However, one thing to consider is your cadence. Cadence is another word for your pedaling speed (basically, how fast your legs spin in circles.) This is measured in RPM, or “revolutions per minute.”
Cadence is important because it directly impacts your comfort level. Pedaling at a slow cadence usually means you are using too hard of a gear, and your leg muscles will tire out quickly. It can also hurt your knees. A good rule of thumb is to keep your cadence fairly high, usually in the range of 75-90 RPM.
But aside from comfort and cadence, the middle of your gear range is a good starting point. Say you’re starting out on a flat road at an easy to moderate pace. You should be in your small or middle chain ring up front, and roughly your fourth largest cog (5) in the rear.
To make small adjustments to your speed, you will want to shift the rear derailleur. If you need to go a little faster, shift to a smaller cog (6, 7, 8 ,9 ,10, or 11.) If you want to ease up on the pace, shift to a bigger cog (1, 2, 3 or 4.) But if you come to a steep hill climb, or a long downhill, you will want to make a big jump in your gearing. So instead of shifting the rear derailleur, you’ll shift the front derailleur first.
An Example of Proper Shifting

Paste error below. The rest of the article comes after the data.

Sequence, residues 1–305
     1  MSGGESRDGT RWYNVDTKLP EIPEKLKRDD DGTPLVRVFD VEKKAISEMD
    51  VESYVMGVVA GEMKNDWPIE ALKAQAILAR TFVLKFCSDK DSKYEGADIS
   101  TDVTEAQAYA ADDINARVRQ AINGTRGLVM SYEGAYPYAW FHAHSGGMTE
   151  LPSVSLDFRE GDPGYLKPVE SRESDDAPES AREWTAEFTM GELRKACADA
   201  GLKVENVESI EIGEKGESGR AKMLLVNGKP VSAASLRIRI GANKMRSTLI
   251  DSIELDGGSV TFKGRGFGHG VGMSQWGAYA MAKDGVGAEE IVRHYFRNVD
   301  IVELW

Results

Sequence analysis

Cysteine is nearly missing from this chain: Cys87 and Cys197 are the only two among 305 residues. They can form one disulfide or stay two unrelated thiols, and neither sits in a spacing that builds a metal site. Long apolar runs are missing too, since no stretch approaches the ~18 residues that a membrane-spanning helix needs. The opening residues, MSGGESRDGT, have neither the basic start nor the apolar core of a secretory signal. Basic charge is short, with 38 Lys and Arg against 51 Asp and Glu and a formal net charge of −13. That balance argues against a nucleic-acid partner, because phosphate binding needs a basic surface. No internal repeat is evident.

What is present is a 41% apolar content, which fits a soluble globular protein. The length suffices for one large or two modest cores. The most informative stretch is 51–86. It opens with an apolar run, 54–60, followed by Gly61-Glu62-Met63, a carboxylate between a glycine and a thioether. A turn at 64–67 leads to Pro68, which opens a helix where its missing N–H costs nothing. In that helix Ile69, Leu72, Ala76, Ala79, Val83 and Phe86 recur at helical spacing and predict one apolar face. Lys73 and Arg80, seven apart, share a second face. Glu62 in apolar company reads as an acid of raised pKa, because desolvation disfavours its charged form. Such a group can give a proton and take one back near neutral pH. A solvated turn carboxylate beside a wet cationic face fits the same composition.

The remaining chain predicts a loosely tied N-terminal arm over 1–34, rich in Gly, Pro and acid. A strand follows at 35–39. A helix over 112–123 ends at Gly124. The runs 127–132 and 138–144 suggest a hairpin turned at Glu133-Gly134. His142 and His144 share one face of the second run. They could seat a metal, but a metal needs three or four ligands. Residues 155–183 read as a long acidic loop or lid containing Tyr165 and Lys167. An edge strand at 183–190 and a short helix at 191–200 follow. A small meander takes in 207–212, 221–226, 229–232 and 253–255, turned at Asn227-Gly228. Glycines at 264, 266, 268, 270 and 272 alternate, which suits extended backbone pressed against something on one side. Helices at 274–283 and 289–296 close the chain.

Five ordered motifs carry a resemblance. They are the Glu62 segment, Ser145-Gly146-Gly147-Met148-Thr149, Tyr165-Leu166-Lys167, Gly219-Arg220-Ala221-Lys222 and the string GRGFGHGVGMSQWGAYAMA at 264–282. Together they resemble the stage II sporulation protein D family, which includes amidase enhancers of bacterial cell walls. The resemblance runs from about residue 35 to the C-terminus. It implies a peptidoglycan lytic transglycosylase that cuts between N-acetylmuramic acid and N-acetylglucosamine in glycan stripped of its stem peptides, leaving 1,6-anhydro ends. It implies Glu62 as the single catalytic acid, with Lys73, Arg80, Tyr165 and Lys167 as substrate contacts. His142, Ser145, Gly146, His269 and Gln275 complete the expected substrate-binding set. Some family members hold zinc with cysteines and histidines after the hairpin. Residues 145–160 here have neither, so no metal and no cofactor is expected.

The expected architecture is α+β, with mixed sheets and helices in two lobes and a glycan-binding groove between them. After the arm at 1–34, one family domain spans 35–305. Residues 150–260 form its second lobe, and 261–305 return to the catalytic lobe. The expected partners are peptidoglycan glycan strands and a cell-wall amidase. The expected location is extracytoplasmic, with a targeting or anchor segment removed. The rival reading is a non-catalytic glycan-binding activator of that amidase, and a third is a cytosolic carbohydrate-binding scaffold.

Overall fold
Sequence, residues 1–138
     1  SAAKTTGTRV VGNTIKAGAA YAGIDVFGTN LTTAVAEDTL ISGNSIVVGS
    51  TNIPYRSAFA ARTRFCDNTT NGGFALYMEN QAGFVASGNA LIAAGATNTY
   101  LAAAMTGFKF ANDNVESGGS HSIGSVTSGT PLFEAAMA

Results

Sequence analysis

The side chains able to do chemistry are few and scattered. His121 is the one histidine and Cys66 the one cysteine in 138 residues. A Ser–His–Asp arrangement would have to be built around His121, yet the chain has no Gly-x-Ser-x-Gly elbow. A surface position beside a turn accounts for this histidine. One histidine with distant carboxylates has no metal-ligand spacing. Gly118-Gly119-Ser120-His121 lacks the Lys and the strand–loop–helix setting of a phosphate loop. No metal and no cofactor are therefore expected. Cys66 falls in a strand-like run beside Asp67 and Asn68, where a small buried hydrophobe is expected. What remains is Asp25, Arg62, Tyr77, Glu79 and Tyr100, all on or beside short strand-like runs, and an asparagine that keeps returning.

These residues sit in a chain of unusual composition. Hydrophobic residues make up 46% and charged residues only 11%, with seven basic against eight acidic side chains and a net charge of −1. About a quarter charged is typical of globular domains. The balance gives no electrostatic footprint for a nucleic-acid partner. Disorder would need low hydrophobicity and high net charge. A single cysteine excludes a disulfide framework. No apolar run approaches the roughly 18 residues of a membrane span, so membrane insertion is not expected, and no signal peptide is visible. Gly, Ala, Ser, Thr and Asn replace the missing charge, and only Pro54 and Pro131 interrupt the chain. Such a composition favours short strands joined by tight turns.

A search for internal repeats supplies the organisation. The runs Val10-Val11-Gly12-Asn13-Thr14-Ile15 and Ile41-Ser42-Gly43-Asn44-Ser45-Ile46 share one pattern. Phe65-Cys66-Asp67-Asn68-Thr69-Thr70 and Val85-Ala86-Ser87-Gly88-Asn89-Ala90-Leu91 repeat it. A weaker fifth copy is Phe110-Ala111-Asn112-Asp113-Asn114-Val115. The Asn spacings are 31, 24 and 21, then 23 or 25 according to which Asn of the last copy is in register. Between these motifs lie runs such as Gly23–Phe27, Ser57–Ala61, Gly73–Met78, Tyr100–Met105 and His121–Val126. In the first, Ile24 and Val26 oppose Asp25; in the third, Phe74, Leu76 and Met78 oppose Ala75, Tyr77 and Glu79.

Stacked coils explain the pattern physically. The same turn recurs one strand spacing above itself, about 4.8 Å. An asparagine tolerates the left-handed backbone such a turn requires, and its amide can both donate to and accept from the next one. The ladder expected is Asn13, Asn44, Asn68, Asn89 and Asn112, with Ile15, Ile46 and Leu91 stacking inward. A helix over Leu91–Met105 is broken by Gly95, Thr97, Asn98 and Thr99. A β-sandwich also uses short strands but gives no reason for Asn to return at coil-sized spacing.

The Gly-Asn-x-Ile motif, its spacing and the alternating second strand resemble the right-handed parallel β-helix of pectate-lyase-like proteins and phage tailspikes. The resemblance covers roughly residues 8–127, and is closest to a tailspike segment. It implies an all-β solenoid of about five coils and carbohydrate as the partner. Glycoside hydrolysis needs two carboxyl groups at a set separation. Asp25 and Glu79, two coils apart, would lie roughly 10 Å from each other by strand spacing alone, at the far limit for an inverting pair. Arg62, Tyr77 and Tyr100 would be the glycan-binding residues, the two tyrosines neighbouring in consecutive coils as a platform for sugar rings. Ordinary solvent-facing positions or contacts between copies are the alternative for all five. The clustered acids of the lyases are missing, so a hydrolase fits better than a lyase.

Here is an example of how you might shift gears while out on a bike ride. At the start, you are currently in the middle or small ring and one of the middle cogs. Then…let’s say you’re coming up to a steep hill climb. You will shift to the small chainring (1) up front. If that gear isn’t easy enough, then you will shift the rear derailleur to a big cog (1, 2, 3, or 4.)
Once you hit the top of the hill and the road flattens, you can go ahead and shift the rear derailleur back to a slightly smaller cog, getting to number 4 or 5. Then it’s time to shift the front derailleur back to the middle ring, if you have a triple. If the road remains flat, you could stay in that gear or shift the rear derailleur once again, going to 6 or even 7.
But then when you hit the downhill, you need a big change in gears, so you’ll shift the front derailleur up to the big ring (3.) That should give you a good gear. If you need a harder gear though, you can shift the rear derailleur to the smallest cogs, 8 or 9 on a fitness bike, or 10 or 11 on a road bike.
As the road changes, keep repeating the process. Just remember: Shifting the left shifter makes a big impact, and shifting the right shifter is to fine tune your gear selection. You will shift the right shifter (for the rear derailleur) much more often than the left shifter.
What to Watch Out For
If you followed along through that gradual shifting process, you might have noticed we only ran through about 12 different gear combinations, when the bike actually offers 22 or 24. Why?
Well, your “22 or 24 speed” bike isn’t meant to use all the gears. Certain gear combinations are very rough and sometimes dangerous.